3 - BRAKE SHOE WEB
4 - SCREWDRIVER
5 - ADJUSTING TOOL
6 - ADJUSTER SPRING
(6) Rotate adjuster screw star wheel (move tool handle upward) until slight drag can be felt when wheel is rotated.
(7) Push and hold adjuster lever away from star wheel with thin screwdriver.
(8) Back off adjuster screw star wheel until brake drag is eliminated.
(9) Repeat adjustment at opposite wheel. Be sure adjustment is equal at both wheels.
(10) Install support plate access hole plugs.
(11) Adjust parking brake cable and lower vehicle.
(12) Drive vehicle and make one forward stop followed by one reverse stop. Repeat procedure 8-10 times to operate automatic adjusters and equalize adjustment.
NOTE: Bring vehicle to complete standstill at each stop. Incomplete, rolling stops will not activate automatic adjusters.
 

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Discussion Starter #11
I usually like to adjust one side while the drum is off the other that way I know whatever I'm feeling is just that one side. Just got to remember not to hit the pedal while a drum is off.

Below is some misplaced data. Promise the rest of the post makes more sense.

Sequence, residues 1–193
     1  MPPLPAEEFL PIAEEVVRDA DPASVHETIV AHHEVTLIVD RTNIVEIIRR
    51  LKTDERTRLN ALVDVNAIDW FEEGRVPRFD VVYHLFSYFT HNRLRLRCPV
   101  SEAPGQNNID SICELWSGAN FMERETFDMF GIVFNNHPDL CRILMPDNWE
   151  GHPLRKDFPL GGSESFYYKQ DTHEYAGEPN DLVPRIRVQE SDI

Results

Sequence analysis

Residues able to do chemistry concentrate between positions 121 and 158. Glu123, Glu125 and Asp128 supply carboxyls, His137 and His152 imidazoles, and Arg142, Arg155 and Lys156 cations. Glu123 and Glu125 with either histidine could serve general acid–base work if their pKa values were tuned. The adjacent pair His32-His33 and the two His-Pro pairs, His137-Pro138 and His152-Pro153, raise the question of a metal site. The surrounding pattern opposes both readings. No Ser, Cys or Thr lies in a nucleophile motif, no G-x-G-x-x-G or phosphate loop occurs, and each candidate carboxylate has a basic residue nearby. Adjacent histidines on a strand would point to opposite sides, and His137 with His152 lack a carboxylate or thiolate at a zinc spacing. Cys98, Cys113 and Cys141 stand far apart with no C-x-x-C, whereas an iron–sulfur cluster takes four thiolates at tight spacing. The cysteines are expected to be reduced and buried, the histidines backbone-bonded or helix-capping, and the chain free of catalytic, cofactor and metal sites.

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Excellent advice. How often should the rear brakes be adjusted like that? I went through a similar process when I replaced the rear drums/shoes last year but thought that the auto adjustment handled it from there.

I have never had an issue with the rear drum brakes since I bought my D in 2003 and in fact did not touch them until I replaced the drums/shoes last year, at over 95,000 miles.

I have replaced the front pads three times over that time (and most of the brake lines once).
 

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Yes:
Not sure how often, but maybe once or twice a month would be good. Many folks report the rear drums lasting 100K+ regularly on the Gen 1 D's. When I checked mine the last time at 80K, they were like new.

Don
 

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Yes, that is why I think the swap to the rear discs isn’t worth the time and expense. The drums work just fine. I suppose if your D was used for a lot of towing, the rear discs could be worth it because of greater fade resistance.
 

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Discussion Starter #15
I changed my original drums at 140k. Don't know if the shoes were original or not. I do remember that the shoes weren't worn horribly, but the wheel cylinder on one side leaked and got fluid on the shoes.

Every once in a while coming to a stop for 5-10mph in reverse might be enough to keep them happy.